Friday, 12 October 2012

Rising Seas or Sinking Land?

Sinking land is rarely reported. Coastal land or islands being lost to the ocean are often blamed on rising seas or excessive rain. Strange how the "rising sea" seems to discriminate against certain areas, while changing very little in others.

Beaches I have known since childhood, that are so long and flat that the tide rushes in and out over a large distance very quickly, still have the same amount of beach that they had decades ago. Yet, some places have lost enough land to the ocean that they have had to be evacuated after countless centuries of undisturbed habitation.

There is a jetty here which is around 800 metres long (1/2 mile). At low tide you need to walk almost the entire length of the jetty to get to water because the beach is on such a gradual incline that there is a vast difference between low and high tide. I haven't lived here forever, but according to long term locals I've asked, they haven't noticed any loss in the amount of beach.

Official scientists throw around figures such as 9 mm per year rate of ocean rise. Presumably this is the outcome of measurements, or perhaps results from computer simulations based on CO2 in the atmosphere. Since I don't subscribe to the carbon based climate change theory, I don't really care to investigate. Perhaps there will be more on this dubious "science" in a later blog, but if you want to see what happens when carbon dioxide (which BTW is heavier than air) is released into the atmosphere, this Snopes Article is a good place to start.

This post was inspired by This Article which led me to do some further research and expand it a little. Emphasis is added and original opinions are mixed in with sourced information. It's my blog. Sue me.


The president of Kiribati, Anote Tong, is in talks with Fiji's military government to buy up to 5,000 acres of land in order to relocate the 102,697 people that live in his country.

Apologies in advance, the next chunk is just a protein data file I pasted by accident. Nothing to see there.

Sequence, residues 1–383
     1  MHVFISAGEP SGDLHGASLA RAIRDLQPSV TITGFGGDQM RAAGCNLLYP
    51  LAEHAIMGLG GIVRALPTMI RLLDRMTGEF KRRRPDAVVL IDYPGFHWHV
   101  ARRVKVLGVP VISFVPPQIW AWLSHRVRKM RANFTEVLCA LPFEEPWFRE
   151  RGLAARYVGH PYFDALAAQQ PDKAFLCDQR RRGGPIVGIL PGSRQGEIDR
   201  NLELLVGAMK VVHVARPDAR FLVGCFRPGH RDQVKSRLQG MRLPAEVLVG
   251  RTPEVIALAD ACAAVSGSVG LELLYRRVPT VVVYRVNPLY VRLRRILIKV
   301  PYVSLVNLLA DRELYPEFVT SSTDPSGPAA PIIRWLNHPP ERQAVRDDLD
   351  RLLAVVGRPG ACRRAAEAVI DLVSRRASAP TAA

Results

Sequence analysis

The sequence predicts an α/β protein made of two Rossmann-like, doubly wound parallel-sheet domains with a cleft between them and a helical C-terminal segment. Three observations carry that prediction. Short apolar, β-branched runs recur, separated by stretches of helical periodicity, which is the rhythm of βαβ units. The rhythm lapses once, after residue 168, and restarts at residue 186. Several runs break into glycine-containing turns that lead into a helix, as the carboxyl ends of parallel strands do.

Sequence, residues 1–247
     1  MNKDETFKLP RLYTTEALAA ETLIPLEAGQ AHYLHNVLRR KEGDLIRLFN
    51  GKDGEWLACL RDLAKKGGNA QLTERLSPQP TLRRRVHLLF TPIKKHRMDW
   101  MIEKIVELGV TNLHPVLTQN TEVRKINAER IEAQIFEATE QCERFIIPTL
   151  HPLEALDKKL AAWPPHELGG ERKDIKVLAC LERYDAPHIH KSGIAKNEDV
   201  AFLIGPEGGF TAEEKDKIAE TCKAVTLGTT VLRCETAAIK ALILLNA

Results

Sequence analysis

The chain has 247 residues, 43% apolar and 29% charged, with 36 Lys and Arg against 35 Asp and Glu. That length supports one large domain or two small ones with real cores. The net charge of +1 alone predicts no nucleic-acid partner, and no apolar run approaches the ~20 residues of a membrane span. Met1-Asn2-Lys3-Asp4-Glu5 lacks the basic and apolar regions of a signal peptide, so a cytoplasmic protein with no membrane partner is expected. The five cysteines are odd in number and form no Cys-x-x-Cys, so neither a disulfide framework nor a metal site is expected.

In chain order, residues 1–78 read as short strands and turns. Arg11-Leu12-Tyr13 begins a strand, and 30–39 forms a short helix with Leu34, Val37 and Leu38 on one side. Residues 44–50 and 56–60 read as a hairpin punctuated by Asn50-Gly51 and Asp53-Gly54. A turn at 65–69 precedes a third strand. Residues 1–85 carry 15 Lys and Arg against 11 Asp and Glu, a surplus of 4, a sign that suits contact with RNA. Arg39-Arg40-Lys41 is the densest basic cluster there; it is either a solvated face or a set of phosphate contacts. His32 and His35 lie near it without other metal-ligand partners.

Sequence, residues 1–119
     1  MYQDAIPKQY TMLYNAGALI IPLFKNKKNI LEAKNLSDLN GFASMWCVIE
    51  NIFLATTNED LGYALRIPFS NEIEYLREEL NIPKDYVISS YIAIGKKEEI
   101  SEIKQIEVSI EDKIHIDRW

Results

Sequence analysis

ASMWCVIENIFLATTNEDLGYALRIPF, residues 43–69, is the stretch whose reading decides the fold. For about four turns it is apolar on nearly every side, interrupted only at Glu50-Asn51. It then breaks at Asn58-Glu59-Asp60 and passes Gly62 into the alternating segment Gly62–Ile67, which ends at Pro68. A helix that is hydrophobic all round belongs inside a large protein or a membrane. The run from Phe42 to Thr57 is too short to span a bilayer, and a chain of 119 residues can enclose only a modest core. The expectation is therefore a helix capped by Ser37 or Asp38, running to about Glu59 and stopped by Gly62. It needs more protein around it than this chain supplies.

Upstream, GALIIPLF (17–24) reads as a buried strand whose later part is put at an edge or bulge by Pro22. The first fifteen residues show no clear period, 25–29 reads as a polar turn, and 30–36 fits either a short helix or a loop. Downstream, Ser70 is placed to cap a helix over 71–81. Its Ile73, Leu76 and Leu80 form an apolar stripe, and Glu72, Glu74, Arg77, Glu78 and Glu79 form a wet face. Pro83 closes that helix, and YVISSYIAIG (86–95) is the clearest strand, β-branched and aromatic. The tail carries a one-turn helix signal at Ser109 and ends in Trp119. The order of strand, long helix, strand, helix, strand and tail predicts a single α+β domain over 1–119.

Other plans considered include building a man made island, similar to a floating offshore oil rig (at a cost of roughly $US 2 billion), or a series of sea walls, costing nearly $US 1 billion. This money will have to come from the international community and is very unlikely to come, as each region on Earth faces their own strife.

President Tong tells The Telegraph that this is their last resort: "Our people will have to move as the tides have reached our homes and villages."

Most of its population has already relocated to the island of Tarawam, after their home islands vanished. Villagers on Abaiang, one of the Kiribati Islands, had to relocate the entire village of Tebunginako because of rising seas and erosion.



The Maldives are fighting a losing battle to keep their heads above the water. Their capital - an area of just 1.77 square kilometres - has a 3 metre wall erected around it in an effort to keep the ocean out and protect the 110,000 people squeezed into this city.

The biggest issue faced by President Nasheed is the loss of their liveable land, so far losing three inhabited islands a year to the ocean. A documentary describes his battle. Already 14 of their 200 islands are gone. The Maldives was the first nation to sign up to the (worthless IMO) Kyoto protocol.

A further 70 islands have had their water aquifers inundated by sea water and their occupants now rely on desalination for their drinking water.

Plans are in place to purchase land elsewhere to relocate the population. A very impressive stance from the government there, where they could have just cut and run like so many others in power would do. Other, more extravagant plans, are also being floated - pun intended.

One of the sourced articles reports "A sea-level rise of 59 centimetres over the next century, the upper limit forecast by the Intergovernmental Panel on Climate Change, would render most of the Maldives uninhabitable."

59 centimetres in 100 years ? This seems a little optimistic to me, and a nice example of the "Not in my lifetime" mindset that is so common.



Seychelles is another island losing land to the relentless and unforgiving ocean. Areas that were recently covered with trees are now beaches, the trees toppled by the ever advancing waves.

Locals are noticing their beaches shrinking, tourists cramming into smaller and smaller areas as the land continues to disappear beneath the approaching water.


Torres Strait Islands

So far, 6 islands in the Torres Strait are facing flooding from the ocean. Building foundations and ancestral graves are being washed and eroded away. Roads have disappeared and houses have become permanently flooded. Obvious signs of centuries of undisturbed habitation, now being lost to sudden changes.